Oftentimes a research paper is rejected on stylistic/linguistic grounds, rather than its scientific excellence, which is a bit unfair as a researcher invests a lot of time and effort in conducting his research. However, in the scientific world, publishing and communicating a research work and its findings is as important as conducting the actual research. A competently conducted research and a well-written resulting paper will enhance the chances of having your manuscript accepted by a reputable publication. In this blog article, we are going to list the 10 common stylistic mistakes you should avoid when writing your research paper.
1. Vague research question and going off-topic
While choosing a research topic, be very clear about the question it is going to answer. Ask yourself – Why do you want to look into this topic and how can the findings help you and others? This will help you organise the information in your paper. If your research work focusses on more than one topic, address each in a different paper. Do not deviate from your research points at any part of the paper and keep each section direct and to the point.
2. Misformatting the paper
Never forget to read carefully the author guidelines of the journal you wish to submit your paper to. Do your homework and study the guidelines well before you make the submission, which will not only help you in structuring your paper correctly but also save you from a number of stylistic flaws. You can also visit the journal website and have a quick look at the recently published articles of the journal. This will help you in implementing the guidelines onto the paper. However, if there is a conflict between the author guidelines and the published articles of the journal, always stick by the guidelines!
3. Using complex language
Don’t fill your paper with too much technical jargon or with long and complex sentences. Think from the reader’s perspective and keep your tone as simple as possible. This will help retain the reader’s interest in your paper. Don’t go overboard with the writing and avoid being redundant. If at all an expression needs to be explained more than once in your paper, be creative and consult a Thesaurus.
4. Poor abstract
Never stretch your abstract beyond the stipulated word limit. It should highlight only the significant points of your work, covering the essence of each section in a clear and concise way. Do not cite references in the abstract; the only exception to this is citing the work most crucial for the paper (usually limited to one or two citations). The abstract will be the first section of your paper that the readers are going to read, so make it attractive and compelling enough for them to go ahead and read the whole article.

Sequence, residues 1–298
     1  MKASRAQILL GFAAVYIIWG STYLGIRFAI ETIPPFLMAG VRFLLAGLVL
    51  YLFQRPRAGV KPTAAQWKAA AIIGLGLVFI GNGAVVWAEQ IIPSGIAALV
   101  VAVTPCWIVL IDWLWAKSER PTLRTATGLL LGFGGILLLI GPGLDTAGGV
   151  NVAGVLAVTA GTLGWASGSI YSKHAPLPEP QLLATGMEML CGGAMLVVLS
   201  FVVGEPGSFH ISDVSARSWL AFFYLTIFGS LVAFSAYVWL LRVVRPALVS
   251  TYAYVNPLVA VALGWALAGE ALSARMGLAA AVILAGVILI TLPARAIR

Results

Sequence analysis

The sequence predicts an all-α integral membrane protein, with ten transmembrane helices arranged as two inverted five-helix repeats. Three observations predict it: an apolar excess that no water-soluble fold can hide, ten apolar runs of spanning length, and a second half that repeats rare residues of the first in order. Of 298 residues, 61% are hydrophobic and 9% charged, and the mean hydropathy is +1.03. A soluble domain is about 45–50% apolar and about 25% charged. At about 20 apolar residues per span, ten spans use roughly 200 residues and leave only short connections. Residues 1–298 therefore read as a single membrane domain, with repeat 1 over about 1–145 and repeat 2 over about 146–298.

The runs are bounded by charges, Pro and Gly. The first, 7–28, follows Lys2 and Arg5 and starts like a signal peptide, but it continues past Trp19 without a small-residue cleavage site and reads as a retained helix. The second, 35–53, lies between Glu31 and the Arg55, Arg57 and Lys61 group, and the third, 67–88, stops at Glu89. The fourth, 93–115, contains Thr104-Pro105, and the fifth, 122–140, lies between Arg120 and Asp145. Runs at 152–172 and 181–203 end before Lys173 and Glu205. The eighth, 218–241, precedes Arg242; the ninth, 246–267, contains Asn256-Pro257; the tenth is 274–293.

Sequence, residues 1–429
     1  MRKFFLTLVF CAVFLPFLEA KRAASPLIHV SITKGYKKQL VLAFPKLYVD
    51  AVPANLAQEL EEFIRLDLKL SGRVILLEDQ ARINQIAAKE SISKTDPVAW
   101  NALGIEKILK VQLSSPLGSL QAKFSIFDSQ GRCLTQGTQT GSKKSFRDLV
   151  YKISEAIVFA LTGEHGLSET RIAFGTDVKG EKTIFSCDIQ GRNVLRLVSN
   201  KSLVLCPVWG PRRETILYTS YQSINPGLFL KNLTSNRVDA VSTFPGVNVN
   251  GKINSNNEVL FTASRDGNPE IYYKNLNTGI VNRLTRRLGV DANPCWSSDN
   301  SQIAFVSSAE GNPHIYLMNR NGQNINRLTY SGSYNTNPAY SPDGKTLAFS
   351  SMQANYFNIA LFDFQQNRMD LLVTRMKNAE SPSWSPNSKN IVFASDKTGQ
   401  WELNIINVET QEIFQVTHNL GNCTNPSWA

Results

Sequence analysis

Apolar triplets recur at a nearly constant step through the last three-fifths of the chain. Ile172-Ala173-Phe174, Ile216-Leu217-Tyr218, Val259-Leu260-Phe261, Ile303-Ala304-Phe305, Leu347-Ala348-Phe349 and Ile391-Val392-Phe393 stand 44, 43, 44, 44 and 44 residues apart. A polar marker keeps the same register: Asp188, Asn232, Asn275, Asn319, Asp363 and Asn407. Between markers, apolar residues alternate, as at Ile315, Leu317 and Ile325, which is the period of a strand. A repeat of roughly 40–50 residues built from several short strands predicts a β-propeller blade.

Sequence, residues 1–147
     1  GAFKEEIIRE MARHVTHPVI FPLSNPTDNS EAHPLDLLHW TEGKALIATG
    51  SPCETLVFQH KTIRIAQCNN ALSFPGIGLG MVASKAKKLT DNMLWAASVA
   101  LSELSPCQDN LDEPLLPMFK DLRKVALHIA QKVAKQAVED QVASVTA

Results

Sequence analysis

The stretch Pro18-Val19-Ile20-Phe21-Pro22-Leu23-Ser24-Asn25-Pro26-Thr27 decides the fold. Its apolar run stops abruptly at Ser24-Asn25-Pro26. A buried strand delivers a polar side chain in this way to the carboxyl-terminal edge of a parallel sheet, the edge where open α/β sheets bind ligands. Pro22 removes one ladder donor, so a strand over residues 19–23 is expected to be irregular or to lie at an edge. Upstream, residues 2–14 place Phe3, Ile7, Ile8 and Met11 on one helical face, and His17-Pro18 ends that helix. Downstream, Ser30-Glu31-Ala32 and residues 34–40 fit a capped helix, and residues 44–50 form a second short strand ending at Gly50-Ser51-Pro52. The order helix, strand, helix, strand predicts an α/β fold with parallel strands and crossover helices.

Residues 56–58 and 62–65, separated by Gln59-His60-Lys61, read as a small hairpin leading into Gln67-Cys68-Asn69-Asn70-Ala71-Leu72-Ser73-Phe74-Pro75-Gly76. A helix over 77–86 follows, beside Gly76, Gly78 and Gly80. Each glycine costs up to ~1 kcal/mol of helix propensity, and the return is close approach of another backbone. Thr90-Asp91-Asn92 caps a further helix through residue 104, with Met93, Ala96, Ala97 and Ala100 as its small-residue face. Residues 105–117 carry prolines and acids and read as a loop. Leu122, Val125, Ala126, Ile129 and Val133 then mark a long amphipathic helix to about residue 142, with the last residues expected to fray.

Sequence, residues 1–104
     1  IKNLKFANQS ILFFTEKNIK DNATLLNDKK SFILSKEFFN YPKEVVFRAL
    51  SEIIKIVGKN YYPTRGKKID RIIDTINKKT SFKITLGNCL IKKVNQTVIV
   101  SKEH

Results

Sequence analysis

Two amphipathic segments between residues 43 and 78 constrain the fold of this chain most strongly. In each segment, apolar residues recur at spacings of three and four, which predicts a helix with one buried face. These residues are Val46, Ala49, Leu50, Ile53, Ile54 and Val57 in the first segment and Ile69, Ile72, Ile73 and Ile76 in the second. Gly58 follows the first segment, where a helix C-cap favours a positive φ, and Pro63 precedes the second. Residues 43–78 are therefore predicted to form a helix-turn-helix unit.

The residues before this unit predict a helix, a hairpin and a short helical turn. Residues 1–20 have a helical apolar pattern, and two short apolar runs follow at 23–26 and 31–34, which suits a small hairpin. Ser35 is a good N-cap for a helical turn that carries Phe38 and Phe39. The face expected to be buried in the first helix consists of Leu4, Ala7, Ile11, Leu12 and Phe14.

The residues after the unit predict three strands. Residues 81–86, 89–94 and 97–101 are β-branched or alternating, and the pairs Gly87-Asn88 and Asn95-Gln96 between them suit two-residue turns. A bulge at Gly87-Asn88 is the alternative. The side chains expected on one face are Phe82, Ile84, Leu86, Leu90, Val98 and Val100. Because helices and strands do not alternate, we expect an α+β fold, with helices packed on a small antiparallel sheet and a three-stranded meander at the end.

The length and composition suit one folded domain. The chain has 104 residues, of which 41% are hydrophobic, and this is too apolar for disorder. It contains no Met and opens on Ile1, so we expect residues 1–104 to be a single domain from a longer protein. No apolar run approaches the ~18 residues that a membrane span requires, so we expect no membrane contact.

5. Ineffective keywords
Choosing too many or ineffective keywords for your article is another common mistake. Picking the right keywords (usually 4–6 words) will determine how a search engine indexes your article. Try to use keywords that recur most frequently throughout the article (including article title and subheadings).
6. Disordered/uncited floating elements
Floating elements refer to the tables, figures, charts, graphs, illustrations, etc. in a paper. These elements should be numbered sequentially throughout the paper and be cited appropriately in the text. You should always acknowledge the original source of the element if any of these have been adapted from a different source.
7. Unexpanded abbreviations
Unexplained abbreviations can be a little confusing for the reader. The general rule is to provide the full expansion at the first occurrence and use the abbreviated form at all the subsequent occurrences. This will bring more clarity to the readers. Acronyms (a set of initial letters from a phrase usually forming a word in itself such as NASA and RADAR) on the other hand need no expansion.
8. Misformatted, uncited/unlisted and incomplete references
The three most important things to remember when dealing with references are: (1) formatting them all consistently as per the required journal style; (2) listing each reference cited in the text at the end of the article and, vice versa, citing each listed reference in the text; and (3) providing complete reference details, if available. Doing this will improve the discoverability of both your research and the cited references.
9. Untranslated metadata for non-English papers
If you are writing your paper in a language other than English, don’t forget to provide the English translations for the article metadata. This mainly includes the paper title, author name(s), author affiliation(s), abstract, keywords, and the list of references.
10. Not proofreading your paper
Never forget to proofread your paper (if possible, more than once) before submitting it to a journal. Run a spell-check, make sure that everything is in order and that the written content is sensible and adequate enough to justify the research. If possible, have a friend, colleague or copy editor revise your paper as well.
We hope these tips will help you get your papers published very soon, minimising your chances of being rejected on linguistic or stylistic grounds. Wishing you all the very best!
By Deepti Thapa, Production Copy Editor – Knowledge E